What Complications Can Result From Dry Mouth?

Dry mouth (clinically known as xerostomia) is a condition where the salivary glands don't produce enough saliva to keep your mouth wet (via Mayo Clinic). Saliva serves a critical role in maintaining dental health and supporting the digestive process. According to WebMD, adequate saliva production keeps your mouth comfortably hydrated, assists in digestion, prevents bad breath, and protects teeth from decay.

Dry mouth can be caused by a variety of factors; medications, radiation chemotherapy, or as a result of aging. Dry mouth can also be a symptom of an underlying health condition, such as Sjorgen's syndrome. Additionally, symptoms of dry mouth can be a natural indicator of dehydration (via NHS inform).

The majority of medications that cause dry mouth are anti-depressants, ACE inhibitors and other blood pressure medications, antihistamines, and decongestants (via Mayo Clinic). Radiation therapy can damage your salivary glands. Some patients may have dry mouth symptoms improve after radiation is completed. Additionally, damage to nerves caused by injury or medical treatments in the head and neck can lead to dry mouth. Excessive tobacco and alcohol use are also contributing factors, given alcohol's diuretic properties. Alcohol also reduces the body's production of vasopressin, an antidiuretic hormone that signals the body to hold on to water (via Healthline).

Treatment and complications of dry mouth

Treatment for xerostomia depends on the underlying cause, and addressing the issue immediately can help you in find the best course of action to prevent further complications. Your healthcare provider will assess your medications and see if any may be causing your dry mouth. When medications are the cause of dry mouth, it's possible to switch to one that won't impact saliva production (via Cleveland Clinic).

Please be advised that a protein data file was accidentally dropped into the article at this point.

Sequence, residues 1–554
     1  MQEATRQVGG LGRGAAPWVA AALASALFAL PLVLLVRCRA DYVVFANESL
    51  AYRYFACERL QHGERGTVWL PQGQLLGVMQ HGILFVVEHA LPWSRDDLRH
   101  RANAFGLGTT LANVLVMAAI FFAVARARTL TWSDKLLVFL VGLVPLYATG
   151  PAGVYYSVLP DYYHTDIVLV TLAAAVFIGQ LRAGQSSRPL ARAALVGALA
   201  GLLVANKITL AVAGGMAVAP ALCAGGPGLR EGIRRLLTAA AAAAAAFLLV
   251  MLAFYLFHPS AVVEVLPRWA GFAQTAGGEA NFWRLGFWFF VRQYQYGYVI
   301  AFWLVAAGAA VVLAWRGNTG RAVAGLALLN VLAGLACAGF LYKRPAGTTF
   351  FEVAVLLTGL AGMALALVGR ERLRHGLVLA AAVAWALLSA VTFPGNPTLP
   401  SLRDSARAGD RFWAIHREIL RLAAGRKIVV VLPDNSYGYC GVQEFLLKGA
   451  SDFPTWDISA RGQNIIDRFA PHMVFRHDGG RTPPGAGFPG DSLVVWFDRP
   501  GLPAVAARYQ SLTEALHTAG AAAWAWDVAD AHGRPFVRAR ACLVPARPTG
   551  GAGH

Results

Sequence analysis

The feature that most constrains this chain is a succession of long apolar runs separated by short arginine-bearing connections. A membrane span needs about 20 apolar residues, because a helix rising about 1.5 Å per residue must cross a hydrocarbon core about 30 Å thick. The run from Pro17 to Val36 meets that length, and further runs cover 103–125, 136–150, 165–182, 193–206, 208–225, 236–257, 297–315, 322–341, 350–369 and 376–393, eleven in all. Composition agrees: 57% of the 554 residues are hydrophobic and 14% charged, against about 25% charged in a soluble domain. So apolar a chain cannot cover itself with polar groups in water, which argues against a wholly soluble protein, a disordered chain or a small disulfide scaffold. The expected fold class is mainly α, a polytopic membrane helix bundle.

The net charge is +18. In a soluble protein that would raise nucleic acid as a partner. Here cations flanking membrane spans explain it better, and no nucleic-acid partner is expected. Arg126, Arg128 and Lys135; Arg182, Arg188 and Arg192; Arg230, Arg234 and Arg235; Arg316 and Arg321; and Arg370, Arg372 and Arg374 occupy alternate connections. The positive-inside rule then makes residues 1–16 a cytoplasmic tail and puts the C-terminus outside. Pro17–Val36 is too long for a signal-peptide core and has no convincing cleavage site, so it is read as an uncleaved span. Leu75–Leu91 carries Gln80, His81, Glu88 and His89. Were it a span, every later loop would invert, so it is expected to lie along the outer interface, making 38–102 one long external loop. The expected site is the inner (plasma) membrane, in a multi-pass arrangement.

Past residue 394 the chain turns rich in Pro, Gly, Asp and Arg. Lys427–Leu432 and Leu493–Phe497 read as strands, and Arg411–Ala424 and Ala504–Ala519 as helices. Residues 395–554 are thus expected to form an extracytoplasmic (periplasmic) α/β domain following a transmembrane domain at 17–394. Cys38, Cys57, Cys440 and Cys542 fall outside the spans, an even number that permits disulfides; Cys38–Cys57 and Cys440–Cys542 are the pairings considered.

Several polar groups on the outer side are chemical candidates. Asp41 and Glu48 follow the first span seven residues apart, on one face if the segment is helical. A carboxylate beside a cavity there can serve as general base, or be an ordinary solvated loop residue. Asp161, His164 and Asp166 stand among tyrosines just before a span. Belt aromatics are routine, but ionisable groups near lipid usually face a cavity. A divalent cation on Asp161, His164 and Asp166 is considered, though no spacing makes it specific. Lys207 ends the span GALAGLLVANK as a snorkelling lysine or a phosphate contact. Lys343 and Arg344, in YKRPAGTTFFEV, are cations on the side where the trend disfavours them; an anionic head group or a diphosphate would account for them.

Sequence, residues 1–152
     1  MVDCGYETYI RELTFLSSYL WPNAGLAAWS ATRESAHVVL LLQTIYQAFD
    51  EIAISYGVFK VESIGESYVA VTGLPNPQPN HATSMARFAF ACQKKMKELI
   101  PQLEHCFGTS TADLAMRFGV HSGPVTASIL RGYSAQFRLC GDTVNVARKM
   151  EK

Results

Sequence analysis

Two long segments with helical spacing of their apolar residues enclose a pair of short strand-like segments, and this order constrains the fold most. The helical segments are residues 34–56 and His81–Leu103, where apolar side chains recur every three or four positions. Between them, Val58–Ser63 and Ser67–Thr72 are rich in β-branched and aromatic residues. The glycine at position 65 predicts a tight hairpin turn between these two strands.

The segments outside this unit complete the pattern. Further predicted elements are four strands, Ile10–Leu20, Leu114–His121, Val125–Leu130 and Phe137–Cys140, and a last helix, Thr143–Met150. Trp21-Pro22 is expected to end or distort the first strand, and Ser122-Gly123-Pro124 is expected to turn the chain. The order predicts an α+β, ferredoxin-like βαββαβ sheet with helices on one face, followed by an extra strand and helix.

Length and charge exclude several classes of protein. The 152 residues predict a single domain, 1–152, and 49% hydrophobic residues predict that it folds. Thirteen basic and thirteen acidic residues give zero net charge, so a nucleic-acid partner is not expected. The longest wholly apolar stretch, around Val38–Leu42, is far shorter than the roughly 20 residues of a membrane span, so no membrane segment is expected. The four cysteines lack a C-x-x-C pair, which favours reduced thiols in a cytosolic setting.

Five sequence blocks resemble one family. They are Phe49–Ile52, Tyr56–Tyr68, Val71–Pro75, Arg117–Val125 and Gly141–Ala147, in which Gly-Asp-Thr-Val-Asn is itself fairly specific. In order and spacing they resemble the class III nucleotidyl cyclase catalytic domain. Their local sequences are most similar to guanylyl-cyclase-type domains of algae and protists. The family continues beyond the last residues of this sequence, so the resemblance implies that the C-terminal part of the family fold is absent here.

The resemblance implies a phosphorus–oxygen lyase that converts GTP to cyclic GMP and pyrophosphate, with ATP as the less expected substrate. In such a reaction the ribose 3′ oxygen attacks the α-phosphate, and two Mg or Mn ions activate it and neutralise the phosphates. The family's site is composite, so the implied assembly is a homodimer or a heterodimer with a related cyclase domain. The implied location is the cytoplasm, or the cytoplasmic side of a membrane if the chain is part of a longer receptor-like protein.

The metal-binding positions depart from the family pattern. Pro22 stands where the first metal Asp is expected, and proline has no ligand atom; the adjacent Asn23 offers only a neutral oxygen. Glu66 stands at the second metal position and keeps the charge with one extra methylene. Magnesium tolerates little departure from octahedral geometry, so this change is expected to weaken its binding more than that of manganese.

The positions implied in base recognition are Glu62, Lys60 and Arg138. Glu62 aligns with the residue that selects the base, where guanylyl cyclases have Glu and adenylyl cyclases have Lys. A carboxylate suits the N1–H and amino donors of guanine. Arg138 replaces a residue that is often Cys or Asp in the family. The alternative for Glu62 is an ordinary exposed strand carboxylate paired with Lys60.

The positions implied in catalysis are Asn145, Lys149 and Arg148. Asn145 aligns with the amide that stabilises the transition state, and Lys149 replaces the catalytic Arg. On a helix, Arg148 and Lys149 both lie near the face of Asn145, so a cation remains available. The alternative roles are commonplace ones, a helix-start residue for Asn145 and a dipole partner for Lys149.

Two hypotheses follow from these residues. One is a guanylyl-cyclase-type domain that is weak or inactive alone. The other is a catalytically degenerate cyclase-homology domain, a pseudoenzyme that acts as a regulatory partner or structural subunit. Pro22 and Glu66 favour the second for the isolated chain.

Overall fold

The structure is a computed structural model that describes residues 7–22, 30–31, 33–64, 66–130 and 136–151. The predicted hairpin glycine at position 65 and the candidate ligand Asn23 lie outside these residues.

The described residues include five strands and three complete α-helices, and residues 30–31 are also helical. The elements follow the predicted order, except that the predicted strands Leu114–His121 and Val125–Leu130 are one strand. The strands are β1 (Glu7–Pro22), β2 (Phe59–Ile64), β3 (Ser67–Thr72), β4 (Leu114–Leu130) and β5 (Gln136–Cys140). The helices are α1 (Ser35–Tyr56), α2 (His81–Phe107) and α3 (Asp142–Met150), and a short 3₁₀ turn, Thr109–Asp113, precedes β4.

Your doctor may provide a prescription to help combat xerostomia symptoms, depending on their severity. For patients with Sjorgen's syndrome, Evoxac is often prescribed to treat symptoms. Evoxac is a cholinergic agonist, meaning it mimics the functions of acetylcholine in the body (via Drugs.com). Acetylcholine is a common neurotransmitter that supports the central and peripheral nervous systems.

Another cholinergic agonist prescribed to treat symptoms is Pilocarpine. This medication is primarily prescribed to treat xerostomia symptoms in patients receiving radiation therapy, and occasionally those with Sjorgen's syndrome (via MedlinePlus). Cholinergic agonists have troublesome side effects, so they aren't used unless necessary. When taking these medications, you may experience dizziness, flushing, painful urination, frequent urination, lowered blood pressure, and fatigue (via Mometrix).

Dry mouth can lead to increased plaque, tooth decay, and gum disease. It's also a known cause of bad breath, given saliva is needed to flush bacteria out of the mouth. Other complications include mouth sores, thrush, and angular cheilitis. Addressing your symptoms can help prevent severe complications associated with this condition.